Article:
Hopi Maidens, 1906
- Collectible giclée fine art print;
- Hand-printed in England, with individual embossing;
- Ships with a Certificate of Authenticity;
- Guaranteed archival quality for over a century;
- Each sale directly supports the artisan;
- Global shipping available;
- Listed dimensions include a white border for easy framing
ABOUT THIS IMAGE
Taken December 19th, 1906, Unknown Pueblo, c. New Mexico, United States
(Library of Congress)
"The Hopi – Hopituh Shi-nu-mu, or ‘Peaceful People’ – are a Native American tribe who have long inhabited a large area of America traditionally spanning from Arizona to New Mexico and into Colorado. These Hopi teenagers sitting upon the rooftop are distinguished by both the white, red and black Atu’u maiden’s manta and the distinctive squash blossom whorl - a symbol of fertility achieved by wrapping their hair around moulds on each side of the head. All maidens of the Hopi would keep their Atu’u until they married, before the manta was handed down to another female member of the family. The tribe is one of the Pueblo peoples, who inhabit multi-storied apartments constructed from stone, mud and adobe. The usage of ladders to access the dwellings were a form of security, preventing burglaries and other undesired guests as they had to be lowered down from the inside."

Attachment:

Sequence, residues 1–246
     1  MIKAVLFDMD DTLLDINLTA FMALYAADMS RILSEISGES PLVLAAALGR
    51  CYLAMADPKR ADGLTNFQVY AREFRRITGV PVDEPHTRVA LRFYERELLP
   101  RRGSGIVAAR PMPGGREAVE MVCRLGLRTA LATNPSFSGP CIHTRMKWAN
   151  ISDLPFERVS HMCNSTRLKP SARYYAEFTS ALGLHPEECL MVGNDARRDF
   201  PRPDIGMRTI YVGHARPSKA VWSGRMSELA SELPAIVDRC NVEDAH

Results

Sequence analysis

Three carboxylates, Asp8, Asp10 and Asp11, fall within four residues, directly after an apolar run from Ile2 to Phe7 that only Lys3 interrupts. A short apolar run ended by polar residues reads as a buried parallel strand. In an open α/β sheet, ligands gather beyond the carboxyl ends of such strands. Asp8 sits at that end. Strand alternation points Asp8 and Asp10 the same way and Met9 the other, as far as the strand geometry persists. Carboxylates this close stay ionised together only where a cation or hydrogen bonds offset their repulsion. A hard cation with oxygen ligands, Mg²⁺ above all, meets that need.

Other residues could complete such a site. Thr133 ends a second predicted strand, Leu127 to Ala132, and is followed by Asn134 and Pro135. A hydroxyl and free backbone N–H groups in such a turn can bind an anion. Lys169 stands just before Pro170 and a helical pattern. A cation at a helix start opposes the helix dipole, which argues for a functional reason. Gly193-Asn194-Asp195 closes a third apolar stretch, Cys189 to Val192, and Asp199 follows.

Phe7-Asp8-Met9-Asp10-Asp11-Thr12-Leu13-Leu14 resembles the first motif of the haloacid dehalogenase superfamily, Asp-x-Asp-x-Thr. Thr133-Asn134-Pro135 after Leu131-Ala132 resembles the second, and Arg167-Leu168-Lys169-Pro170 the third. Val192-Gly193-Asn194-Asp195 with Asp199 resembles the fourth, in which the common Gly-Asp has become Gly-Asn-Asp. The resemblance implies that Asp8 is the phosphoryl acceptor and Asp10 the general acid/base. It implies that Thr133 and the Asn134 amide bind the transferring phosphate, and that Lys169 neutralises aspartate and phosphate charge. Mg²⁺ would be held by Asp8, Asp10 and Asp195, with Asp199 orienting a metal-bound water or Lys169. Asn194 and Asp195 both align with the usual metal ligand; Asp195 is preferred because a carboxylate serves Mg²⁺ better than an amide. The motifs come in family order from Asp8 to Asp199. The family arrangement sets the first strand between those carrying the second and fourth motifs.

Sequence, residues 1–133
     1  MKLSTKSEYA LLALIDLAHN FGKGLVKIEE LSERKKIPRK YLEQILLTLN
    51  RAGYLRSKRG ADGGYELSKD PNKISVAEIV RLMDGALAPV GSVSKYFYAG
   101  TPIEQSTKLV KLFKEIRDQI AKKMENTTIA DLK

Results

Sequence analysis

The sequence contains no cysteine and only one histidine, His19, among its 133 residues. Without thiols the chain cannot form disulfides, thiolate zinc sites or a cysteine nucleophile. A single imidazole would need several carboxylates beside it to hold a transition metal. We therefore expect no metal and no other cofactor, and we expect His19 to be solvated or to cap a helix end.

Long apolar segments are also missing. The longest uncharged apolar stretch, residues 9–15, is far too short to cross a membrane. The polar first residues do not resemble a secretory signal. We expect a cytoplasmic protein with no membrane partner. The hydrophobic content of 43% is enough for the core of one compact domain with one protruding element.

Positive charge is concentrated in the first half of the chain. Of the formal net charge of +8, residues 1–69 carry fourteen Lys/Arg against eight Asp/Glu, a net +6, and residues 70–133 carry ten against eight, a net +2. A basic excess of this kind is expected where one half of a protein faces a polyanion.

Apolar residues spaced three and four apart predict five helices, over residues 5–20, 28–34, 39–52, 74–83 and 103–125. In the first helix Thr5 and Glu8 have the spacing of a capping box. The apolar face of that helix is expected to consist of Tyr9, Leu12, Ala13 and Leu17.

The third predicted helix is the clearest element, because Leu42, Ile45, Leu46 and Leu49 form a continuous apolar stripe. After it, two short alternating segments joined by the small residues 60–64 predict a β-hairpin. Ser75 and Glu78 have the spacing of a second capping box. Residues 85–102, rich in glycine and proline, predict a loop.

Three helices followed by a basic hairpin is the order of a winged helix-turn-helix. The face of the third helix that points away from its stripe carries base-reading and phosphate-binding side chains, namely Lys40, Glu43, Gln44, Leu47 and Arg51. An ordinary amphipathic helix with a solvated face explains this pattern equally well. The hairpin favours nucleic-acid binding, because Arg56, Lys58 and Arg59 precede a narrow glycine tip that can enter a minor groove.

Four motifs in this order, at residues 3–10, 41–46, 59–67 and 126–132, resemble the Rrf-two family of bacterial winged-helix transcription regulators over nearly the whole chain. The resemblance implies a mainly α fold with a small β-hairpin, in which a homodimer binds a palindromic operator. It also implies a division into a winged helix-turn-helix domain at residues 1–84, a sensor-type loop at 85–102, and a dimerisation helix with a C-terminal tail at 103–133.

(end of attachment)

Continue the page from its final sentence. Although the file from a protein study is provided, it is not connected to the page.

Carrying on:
– Jordan J. Lloyd
"On the housetop--Hopi: Photo shows women seated and standing on pueblo buildings."
ABOUT OUR PRINTS
LISTED SIZESOur prints come in popular sizes with a white border for easy framing. Small prints will ship in a stiffened envelope rather than a postal tube.
S (A4) – 21 × 29.7 cm / 8.3 × 11.7 inches
M (A3) – 29.7 × 42 cm / 11.7 × 16.5 inches
L (A2) – 42 × 59.4 cm / 16.5 × 23.4 inches
XXL (A0) – 84.1 × 118.9 cm / 33.1 × 46.8 inches